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Momentum building for new Blackalicious projects

If you think Northern California’s Blackalicious crew is riding high at the current moment, just wait a few months and continue to watch their trajectory into uncharted territories. Currently on tour with the SnoCore Icicle Ball Tour that features a rotating lineup of Saul Williams, Karl Denson’s Tiny Universe, Nikki Costa, Sound Tribe Sector 9, Spearhead and others, Blackalicious is beginning to showcase new songs from their highly anticipated upcoming album Blazing Arrow, which hits stores April 30. Gift of Gab, of Blackalicious, took some time after a blazing set at the Crystal Ballroom last Thursday to discuss the tour, albu, and music in general.

So you guys are on tour right now … how’s that going so far?

It’s going real good, the crowds have been great, the energy’s been good, we’re enjoying it.

How long are you going to be on tour?

About six weeks … right before the new album drops.

Did you know some of the people on the tour before? How’d you hook up with the SnoCore tour?

Well, Saul is on the new album, he laid down a track for us … but the rest we just met when we started the tour. It just happened to be at the right time for us to tour, and it’s a great group we’re with, so we’re fortunate to be on it.

The upcoming album is called Blazing Arrow. What’s the significance of the name?

It’s about faith, man … faith to walk the walk, you know what I mean? If you have confidence, things will manifest itself. The last album, Nia, meant “purpose” in Swahili, and so this is just sort of an extension of that.

What are some of the ideas behind the cover image?

We’re Africans, you know, and so we’re warriors … we’ve had to endure throughout history … and we’re just ready to give it to you.

I understand that Blazing Arrow will be released on MCA Records. Why the change from your own independent Quannum label?

It was just time to expand. We just want everybody to hear our music, and this gives more access for us. MCA also works with a lot of artists that we know, so we knew that they would understand our vision and reason for doing things. It was just the right time for us.

Do you have any concerns or apprehension about being on a major label? I know you guys have been independent for so long, and you’ve represented underground hip-hop … so do you have any anxiety about making the switch?

Again, we just want people to hear our music. We’re making music for everybody, and I think that’s in God’s will, so I think we’re going to continue to grow, and get better because of that.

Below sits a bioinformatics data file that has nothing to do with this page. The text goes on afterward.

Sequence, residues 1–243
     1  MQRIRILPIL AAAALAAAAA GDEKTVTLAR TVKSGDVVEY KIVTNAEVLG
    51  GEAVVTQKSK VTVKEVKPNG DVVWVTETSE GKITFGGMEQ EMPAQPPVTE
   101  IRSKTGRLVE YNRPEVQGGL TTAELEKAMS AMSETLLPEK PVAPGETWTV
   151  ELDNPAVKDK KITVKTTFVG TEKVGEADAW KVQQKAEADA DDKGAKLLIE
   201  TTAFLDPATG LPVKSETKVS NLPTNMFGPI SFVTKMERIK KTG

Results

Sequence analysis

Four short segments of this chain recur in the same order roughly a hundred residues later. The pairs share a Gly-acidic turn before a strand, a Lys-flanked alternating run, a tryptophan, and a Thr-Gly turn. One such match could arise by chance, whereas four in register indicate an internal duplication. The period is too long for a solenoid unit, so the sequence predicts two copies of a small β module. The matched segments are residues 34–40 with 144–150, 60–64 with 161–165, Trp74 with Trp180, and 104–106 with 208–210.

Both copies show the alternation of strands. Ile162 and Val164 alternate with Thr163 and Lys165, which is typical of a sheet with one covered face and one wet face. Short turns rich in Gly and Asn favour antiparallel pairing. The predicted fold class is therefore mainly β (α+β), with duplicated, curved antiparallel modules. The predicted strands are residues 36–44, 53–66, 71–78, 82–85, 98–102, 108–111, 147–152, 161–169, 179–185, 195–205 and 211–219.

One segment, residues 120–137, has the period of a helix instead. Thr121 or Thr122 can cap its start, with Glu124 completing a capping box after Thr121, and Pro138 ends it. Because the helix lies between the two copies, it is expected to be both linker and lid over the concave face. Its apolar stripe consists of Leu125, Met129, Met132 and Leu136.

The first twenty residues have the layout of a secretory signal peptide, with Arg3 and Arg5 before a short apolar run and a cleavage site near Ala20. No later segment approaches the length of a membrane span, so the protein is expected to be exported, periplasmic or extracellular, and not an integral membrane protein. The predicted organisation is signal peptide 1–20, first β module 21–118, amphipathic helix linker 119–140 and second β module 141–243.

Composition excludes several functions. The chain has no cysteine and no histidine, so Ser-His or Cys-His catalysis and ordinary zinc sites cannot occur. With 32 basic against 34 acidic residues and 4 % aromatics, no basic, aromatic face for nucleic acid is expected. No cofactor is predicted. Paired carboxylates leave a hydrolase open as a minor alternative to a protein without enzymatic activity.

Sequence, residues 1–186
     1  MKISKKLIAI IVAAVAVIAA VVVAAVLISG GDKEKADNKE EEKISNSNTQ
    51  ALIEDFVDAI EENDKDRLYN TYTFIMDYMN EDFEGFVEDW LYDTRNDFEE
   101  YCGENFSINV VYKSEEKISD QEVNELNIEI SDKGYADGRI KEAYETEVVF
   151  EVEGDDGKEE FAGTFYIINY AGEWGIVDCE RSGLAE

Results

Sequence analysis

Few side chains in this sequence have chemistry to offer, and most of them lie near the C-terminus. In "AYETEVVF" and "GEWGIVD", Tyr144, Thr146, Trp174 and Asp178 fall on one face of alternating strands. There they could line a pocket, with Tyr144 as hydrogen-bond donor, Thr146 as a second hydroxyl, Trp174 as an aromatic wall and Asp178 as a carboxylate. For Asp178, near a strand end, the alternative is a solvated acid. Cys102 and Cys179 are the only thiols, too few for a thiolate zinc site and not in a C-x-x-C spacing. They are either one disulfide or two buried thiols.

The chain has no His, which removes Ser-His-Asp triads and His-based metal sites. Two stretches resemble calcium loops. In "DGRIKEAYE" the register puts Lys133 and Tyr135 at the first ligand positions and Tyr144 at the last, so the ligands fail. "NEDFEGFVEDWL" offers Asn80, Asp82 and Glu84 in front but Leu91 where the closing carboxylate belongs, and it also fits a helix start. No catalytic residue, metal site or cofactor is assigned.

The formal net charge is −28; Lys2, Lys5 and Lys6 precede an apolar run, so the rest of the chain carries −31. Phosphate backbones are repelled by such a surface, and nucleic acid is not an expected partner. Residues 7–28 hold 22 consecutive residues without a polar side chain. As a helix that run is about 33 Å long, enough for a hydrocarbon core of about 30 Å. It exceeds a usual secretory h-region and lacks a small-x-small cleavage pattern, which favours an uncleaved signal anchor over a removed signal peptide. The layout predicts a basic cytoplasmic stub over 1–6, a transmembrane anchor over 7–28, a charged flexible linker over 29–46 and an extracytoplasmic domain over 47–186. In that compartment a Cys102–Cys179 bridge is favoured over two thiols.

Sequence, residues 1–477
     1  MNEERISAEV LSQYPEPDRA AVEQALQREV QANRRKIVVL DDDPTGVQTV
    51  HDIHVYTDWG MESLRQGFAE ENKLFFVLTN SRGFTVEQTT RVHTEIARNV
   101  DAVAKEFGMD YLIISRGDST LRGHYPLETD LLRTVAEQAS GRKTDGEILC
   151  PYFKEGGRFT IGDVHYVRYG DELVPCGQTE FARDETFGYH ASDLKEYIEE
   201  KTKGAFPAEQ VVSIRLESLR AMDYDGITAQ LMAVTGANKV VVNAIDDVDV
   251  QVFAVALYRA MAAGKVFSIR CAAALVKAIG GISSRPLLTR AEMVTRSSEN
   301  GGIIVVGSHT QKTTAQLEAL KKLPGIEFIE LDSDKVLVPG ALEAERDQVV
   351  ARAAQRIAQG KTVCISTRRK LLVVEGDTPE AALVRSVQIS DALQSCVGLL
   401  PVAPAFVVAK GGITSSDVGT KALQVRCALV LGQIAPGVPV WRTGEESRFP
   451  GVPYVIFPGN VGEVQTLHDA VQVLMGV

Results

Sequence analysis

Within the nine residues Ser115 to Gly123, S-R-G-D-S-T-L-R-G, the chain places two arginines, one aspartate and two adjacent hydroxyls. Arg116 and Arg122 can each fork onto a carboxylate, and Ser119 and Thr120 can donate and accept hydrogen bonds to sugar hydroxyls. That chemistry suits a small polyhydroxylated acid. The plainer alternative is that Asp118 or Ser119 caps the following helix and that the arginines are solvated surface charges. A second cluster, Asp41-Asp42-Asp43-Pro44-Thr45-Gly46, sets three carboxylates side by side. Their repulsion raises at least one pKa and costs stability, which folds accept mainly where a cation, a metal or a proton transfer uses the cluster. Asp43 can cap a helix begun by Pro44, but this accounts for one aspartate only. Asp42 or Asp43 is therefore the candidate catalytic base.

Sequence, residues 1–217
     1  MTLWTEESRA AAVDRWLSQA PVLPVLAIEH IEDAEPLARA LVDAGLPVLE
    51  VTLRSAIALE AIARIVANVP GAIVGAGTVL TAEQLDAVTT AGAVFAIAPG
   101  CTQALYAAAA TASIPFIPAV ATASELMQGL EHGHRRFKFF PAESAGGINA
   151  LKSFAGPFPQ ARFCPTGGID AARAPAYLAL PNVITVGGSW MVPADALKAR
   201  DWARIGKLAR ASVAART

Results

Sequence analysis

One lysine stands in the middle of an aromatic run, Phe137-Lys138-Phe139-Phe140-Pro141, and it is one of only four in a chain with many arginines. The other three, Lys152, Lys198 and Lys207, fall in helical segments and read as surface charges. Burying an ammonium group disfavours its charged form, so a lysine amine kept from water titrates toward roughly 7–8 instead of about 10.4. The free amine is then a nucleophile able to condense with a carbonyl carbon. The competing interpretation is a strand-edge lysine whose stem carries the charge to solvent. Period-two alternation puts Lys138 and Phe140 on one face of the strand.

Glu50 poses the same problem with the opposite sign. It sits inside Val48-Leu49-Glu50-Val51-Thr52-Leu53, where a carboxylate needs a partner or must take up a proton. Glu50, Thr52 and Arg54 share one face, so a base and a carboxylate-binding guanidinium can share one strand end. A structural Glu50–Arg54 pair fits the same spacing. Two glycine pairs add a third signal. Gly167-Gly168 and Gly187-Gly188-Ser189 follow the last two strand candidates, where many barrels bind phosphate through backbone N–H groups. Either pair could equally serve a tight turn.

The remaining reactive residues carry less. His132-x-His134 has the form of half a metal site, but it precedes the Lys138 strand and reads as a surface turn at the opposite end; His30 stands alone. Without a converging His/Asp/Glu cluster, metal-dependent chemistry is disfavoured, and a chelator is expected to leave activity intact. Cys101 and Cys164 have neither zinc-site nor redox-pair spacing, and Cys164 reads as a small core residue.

What can we expect that’s different about the new album? What kind of sound did you go for?

I see it as an evolution. We’re taking the next step. On the album, we have a lot of musicians, new sounds, lots of cello.

There’s everybody from Zach de la Rocha to Ben Harper to Niho Matori and beyond … was it difficult to incorporate everyone into a cohesive project?

Somehow, we were able to form chemistry with everybody. It’s an evolution … of the next phase.

Tell me about working with Gil Scott-Heron … how did you hook up with him?

He’s one of my heroes, you know what I mean? We wrote a hook to one of the songs that was influenced by him, and Chief Xcel (the other member of Blackalicious) said, let’s try to get him. We were lucky that we knew somebody who knew him, so we just hooked it up, you know, and got him down from Harlem to Manhattan, and recorded the track.

Who else would you consider to be your influences? Who has helped define the Blackalicious sound?

For Chief Xcel, he’s probably influenced by a lot of (Afrobeat pioneer) Fela Kuti, but it’s limitless. We listen to every type of music, there’s no discrimination. For vocalists, I’m into a lot of Stevie Wonder, Curtis Mayfield, Peter Tosh, Rakim. The list goes on.

You mentioned some important lyricists. What do you want Blackalicious’ message to be? What do you want people to get out of your music?

We’ve all been on a journey, and we just want to give charity in the musical sense. We hope that some souls are touched, just like Marvin Gaye and Bob Marley. They had this spiritual sense, that you are who you are … trust yourself.

Who do you listen to these days?

I’m listening to Outkast, Nas, Jill Scott, Jaguar, Ghostface.

What else are you working?

I got a solo record that I’m planning to release at the end of the year, and I’m also working on the Maroons project that Lateef and Chief Xcel are doing, and I’m doing some things for Lyrics Born’s project.

So you helped sign Portland’s local Lifesavas to Quannum. How did that happen?

We were just touring, and we met through some mutual friends, and right away, we just connected with a certain spirit, you know? It just clicked, like we were family.

Are you looking to sign any other artists to Quannum soon?

Yeah, we’re looking. We’ve got some people that we’ve been looking at, but I can’t say much more than that right now.

We’ll be sure to look out for them soon … good work on everything and thanks for the conversation.